One key source of additional funding is HLF Scotland. Its funding will be increasingly under pressure in the coming years and there should be a very strong programme of advocacy with funders such as HLF to make them aware of the benefits of Recognition.

Key to this will be any public benefits Recognition might bring and so, as mentioned, these will be crucial avenues to explore and should be presented as part of a robust and coherent Recognition development strategy.

Recognition related funding should also help less well resourced and supported museums and the MA would particularly welcome the development of proposals to give fixed term general support to organisations with smaller Recognised collections, those with a more miscellaneous range of significant material and those whose recognised collections would form the bulk of their activities.

However the greatest benefit of additional Recognition funding should be to significantly improve an organisation's ability to care for its collection and communicate it to the public, whatever the size of organisation or collection. This would be particularly beneficial if coupled with additional resources such as HLF funding.

Funding could be directed at both projects and longer term solutions designed to engage the public with collections and create a more dynamic approach to collections through loans and temporary exhibitions and collaborative working.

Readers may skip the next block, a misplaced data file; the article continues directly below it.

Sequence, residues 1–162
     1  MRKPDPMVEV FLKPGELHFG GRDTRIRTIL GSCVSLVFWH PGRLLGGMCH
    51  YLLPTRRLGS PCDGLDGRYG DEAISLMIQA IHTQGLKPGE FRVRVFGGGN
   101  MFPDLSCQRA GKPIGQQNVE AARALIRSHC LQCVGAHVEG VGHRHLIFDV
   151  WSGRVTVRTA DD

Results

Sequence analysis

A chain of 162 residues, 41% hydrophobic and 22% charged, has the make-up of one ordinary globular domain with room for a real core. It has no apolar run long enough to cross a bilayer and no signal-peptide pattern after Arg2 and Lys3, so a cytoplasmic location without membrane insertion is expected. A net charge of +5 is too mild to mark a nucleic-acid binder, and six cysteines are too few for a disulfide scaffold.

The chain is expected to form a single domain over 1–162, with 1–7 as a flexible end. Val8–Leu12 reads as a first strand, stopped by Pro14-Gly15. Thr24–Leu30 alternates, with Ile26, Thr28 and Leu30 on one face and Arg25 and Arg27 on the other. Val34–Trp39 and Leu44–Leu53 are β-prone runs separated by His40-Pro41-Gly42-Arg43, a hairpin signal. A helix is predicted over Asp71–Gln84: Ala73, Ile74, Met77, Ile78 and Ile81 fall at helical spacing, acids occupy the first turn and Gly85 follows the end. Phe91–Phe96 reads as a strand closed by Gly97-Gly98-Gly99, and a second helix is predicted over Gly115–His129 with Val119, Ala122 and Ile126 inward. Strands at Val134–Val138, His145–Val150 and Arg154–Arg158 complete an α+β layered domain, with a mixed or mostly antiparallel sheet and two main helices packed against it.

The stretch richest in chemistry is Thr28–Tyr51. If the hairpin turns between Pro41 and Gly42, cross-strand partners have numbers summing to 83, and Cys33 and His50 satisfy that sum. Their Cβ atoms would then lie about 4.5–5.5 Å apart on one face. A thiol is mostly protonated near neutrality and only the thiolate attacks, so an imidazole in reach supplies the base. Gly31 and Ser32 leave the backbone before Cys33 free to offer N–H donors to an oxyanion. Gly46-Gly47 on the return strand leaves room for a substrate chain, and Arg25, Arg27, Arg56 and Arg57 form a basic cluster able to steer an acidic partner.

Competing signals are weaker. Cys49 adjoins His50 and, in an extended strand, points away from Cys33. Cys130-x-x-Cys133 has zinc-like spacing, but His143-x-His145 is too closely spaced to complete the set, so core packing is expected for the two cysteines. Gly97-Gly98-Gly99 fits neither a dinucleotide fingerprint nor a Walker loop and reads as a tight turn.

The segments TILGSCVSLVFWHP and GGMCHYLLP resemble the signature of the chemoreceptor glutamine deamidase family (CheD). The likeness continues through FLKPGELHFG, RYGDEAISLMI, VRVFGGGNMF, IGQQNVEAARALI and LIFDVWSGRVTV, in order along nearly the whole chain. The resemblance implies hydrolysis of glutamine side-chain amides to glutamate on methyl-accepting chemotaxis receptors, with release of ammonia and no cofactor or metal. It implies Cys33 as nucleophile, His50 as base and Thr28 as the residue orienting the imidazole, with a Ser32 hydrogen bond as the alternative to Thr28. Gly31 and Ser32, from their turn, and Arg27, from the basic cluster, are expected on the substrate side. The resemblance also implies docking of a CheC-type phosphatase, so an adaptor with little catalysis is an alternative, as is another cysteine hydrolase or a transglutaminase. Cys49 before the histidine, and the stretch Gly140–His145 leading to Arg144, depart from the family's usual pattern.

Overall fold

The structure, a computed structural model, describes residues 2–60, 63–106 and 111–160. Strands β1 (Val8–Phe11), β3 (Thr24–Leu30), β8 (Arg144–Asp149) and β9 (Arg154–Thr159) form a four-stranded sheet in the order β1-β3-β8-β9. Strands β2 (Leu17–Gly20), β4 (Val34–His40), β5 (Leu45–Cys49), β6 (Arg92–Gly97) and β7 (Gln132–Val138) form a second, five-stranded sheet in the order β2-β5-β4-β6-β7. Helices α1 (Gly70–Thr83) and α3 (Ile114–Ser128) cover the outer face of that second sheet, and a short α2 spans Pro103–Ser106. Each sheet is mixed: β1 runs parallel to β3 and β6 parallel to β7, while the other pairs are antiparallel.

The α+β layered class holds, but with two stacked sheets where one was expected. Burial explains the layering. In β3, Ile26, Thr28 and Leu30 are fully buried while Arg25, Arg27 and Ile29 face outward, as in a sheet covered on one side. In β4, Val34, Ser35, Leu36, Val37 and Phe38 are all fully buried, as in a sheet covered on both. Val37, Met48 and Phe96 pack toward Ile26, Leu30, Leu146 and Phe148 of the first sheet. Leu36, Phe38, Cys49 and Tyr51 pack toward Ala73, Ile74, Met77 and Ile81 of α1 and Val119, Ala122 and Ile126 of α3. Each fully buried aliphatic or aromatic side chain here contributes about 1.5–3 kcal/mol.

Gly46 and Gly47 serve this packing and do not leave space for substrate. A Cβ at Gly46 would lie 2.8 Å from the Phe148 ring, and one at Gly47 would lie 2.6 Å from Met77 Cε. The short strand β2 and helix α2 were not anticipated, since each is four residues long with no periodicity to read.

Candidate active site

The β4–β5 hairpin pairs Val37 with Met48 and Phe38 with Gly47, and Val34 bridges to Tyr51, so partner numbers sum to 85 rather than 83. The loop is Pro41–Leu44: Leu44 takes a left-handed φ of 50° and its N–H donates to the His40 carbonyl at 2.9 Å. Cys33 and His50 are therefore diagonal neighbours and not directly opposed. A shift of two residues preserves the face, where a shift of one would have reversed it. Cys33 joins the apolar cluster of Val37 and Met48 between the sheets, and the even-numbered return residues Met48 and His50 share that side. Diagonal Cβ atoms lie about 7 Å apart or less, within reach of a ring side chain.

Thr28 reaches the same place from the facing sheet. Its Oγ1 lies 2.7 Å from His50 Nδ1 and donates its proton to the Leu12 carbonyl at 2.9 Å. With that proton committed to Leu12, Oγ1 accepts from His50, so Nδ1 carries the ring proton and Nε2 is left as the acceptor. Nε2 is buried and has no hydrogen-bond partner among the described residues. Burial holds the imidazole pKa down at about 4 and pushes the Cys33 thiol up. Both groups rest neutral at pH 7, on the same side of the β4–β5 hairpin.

Funding could also be directed at activities which support getting more of the significant collections out into the public realm, such as documentation and conservation.

There are relatively few museum education professionals currently working in Scotland's museums and a long term scheme to improve education provision in museums and galleries with significant collections would be highly beneficial.

However, education professionals are not the only ones with responsibility for communicating collections. Funding could also be usefully targeted at specific schemes to improve the knowledge, confidence and expertise of other museum staff to deal with Recognised collections, including curatorial, conservation and visitor services staff.

Recognition funding could also be directed at helping relevant museums establish and maintain partnerships both within the museum sector and in other sectors in culture and education. The MA has been looking at the place of "brokers" which help organisations with their partnerships and relationships.

It may be more helpful to establish brokers right across the museum or culture sector and not solely for Recognised collections. However, it would make sense in the context of building a Distributed National Collection, for museums holding Recognised collections to be targeted to receive extra help to maintain and support relevant relationships.

Please direct any queries to the MA's policy officer, Judy Aitken: judy@museumsassociation.org